A dose of the Pfizer-BioNTech coronavirus disease (Covid-19) vaccine is prepared for a patient. File picture: Craig F. Walker/Pool via Reuters
A dose of the Pfizer-BioNTech coronavirus disease (Covid-19) vaccine is prepared for a patient. File picture: Craig F. Walker/Pool via Reuters

Government is responsible for foreseeable, preventable Covid-19 deaths

By Opinion Time of article published Jan 11, 2021

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By Michael Donen

Last March, Covid was an unforeseeable catastrophe. Every government was forced to make life and death judgements in the face of incomplete information.

But months later, the need for vaccines to be pre-purchased, and for their rollout to be planned, was foreseeable.

We know this because it was foreseen. It was foreseen by poor countries as well as rich countries.

The countries by which it was foreseen are or will very soon be vaccinating their people en masse.

To protect their citizens from death is a basic task of any government. It is their first task.

To fail to do so, whether through malice or incompetence, is unforgivable.

Our government has failed to protect us.

Poor and rich countries alike managed to pre-order vaccines at the earliest opportunity in order to vaccinate their people and avoid tens of thousands of deaths.

Aruba, El Salvador, the Democratic Republic of Congo, Nepal, and Suriname are among a litany of countries no wealthier than South Africa with vaccine contracts covering at least 10% of their population. This is more than double South Africa’s coverage.

It remains unclear why our government failed to make similar provisions. This lack of clarity is because every governmental pronouncement on the subject blends fantasy and obfuscation.

Aspirations are stated as facts. Absurd, baroque excuses are provided for the failure to pre-emptively source vaccines when other countries were doing so. Thousands of South Africans will die because of this.

And there is no excuse.

It is true that the especially virulent South African strain of the virus which has recently emerged is tragic and unexpected. But to cite it in any discussion of the non-purchase of vaccines is a red herring.

Quibbling about whether money spent on vaccines comes out of general taxation of individuals and the private sector, or should be paid for directly by the private sector, is a red herring.

To cite budgetary limitations or value for money is a particularly obscene red herring. It reveals how little value the government puts on South African lives.

Currently, the government has scrabbled together belated commitments to provide 1.5 million doses by the end of February.

This is not enough to vaccinate South Africans over the age of 75, quite apart from health workers.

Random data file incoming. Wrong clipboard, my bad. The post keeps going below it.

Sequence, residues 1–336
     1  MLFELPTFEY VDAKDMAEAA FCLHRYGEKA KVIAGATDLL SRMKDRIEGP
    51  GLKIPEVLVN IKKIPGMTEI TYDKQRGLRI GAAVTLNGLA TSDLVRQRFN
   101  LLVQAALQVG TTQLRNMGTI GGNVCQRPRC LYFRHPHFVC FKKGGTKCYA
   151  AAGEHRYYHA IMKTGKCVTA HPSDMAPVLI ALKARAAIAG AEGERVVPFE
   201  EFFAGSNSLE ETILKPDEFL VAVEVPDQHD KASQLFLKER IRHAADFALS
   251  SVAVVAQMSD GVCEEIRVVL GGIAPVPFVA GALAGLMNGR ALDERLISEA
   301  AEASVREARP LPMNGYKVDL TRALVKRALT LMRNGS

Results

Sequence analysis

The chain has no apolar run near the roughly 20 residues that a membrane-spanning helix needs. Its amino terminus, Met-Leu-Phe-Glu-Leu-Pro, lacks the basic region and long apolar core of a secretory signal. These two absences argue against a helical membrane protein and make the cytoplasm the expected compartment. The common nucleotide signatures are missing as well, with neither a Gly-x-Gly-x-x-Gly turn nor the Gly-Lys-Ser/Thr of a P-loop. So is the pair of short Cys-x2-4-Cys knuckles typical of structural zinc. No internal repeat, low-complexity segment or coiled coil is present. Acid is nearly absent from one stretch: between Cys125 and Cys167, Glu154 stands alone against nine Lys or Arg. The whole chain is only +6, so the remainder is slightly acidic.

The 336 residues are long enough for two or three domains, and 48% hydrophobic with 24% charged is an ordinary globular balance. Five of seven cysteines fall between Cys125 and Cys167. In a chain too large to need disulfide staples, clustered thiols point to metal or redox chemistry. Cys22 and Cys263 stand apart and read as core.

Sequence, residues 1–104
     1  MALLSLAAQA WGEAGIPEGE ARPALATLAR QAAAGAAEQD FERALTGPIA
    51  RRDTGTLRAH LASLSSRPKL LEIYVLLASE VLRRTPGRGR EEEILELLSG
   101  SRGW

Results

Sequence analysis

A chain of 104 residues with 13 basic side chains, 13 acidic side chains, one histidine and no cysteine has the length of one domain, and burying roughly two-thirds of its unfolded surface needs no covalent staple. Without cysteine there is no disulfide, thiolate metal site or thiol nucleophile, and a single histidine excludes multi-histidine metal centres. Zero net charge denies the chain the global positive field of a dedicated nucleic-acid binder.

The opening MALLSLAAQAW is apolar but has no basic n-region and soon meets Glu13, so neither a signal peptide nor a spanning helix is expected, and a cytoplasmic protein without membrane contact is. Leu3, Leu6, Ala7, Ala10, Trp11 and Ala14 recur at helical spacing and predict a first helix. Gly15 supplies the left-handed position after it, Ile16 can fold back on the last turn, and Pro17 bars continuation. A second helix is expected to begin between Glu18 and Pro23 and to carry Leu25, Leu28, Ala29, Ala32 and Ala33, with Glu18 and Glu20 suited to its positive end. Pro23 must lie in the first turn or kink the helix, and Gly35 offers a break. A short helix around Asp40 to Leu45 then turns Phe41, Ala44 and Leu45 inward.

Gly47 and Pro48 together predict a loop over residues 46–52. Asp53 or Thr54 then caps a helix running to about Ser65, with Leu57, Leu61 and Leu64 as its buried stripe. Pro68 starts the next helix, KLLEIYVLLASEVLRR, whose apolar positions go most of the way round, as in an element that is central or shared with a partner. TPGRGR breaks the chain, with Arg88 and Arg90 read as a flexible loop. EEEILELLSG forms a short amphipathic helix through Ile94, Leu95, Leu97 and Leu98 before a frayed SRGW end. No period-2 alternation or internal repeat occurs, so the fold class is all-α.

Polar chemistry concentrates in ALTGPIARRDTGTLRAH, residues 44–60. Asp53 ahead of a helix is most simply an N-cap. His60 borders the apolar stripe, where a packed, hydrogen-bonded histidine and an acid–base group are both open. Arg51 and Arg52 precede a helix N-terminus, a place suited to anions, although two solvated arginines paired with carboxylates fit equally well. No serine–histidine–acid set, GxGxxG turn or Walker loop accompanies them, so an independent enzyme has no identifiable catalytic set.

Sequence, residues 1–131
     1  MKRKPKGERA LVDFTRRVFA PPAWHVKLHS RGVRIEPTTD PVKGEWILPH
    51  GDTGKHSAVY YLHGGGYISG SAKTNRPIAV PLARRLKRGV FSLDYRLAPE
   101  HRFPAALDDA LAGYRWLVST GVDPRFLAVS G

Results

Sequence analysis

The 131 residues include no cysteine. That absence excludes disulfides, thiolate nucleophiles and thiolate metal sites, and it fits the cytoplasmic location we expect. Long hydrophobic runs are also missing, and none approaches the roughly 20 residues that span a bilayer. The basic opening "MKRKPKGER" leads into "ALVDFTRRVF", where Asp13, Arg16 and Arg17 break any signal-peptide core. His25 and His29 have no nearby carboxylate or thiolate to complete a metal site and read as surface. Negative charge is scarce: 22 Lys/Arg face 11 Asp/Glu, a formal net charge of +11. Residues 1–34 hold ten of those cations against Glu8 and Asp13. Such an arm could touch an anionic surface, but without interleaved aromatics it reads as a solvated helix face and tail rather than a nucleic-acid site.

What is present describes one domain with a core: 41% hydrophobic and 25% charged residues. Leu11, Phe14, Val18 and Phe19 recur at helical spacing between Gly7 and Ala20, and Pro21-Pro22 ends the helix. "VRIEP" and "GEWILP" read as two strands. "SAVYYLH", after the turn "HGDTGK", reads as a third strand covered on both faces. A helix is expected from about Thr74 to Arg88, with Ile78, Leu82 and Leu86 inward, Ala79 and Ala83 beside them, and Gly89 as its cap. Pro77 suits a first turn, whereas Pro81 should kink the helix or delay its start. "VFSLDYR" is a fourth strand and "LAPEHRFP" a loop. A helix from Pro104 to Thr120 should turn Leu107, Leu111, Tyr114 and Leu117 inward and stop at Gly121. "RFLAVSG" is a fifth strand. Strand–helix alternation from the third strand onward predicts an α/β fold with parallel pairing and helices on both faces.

Last year, the government had the opportunity to pre order vaccines.

It did not.

This may be for one of the (many, contradictory) reasons they have stated. It may also be simple incompetence.

South Africans are dying because our government, unlike others of equivalent wealth, failed to pre-order vaccines and plan a rollout. Thousands more will die over the coming months.

Many of these deaths will have been preventable.

President Cyril Ramaphosa’s televised tears count for nothing, even if they are sincere.

We do not require our President to weep over preventable deaths. We require him to prevent them.

But no matter how many people die through his government’s negligence, we will not replace the government.

They will have the privilege of appearing on television to cry at the deaths for which they are responsible, as often as they like.

We know this. Because this has happened before.

President Mbeki ensured the preventable deaths of 343 000 people by refusing to provide antiretrovirals to those infected with HIV.

After the ANC replaced Mbeki with Zuma, we forgave the ANC for what Mbeki had done: the ANC was re-elected to government.

After the ANC replaced Zuma with Ramaphosa, we forgave the ANC for Zuma. The ANC was re-elected.

I do not know what is inside the heart of President Ramaphosa or Health Minister Mkhize. It does not matter. I am not a priest. The government is responsible, again, through its choices, for preventable deaths on a huge scale.

It is the government’s duty to protect the lives of all its citizens.

It has failed. It continues to fail. And we will suffer the consequences.

And they will not.

* Michael Donen SC is a legal practitioner and listed counsel of the International Criminal Court.

* The views expressed here are not necessarily those of IOL.

Cape Times

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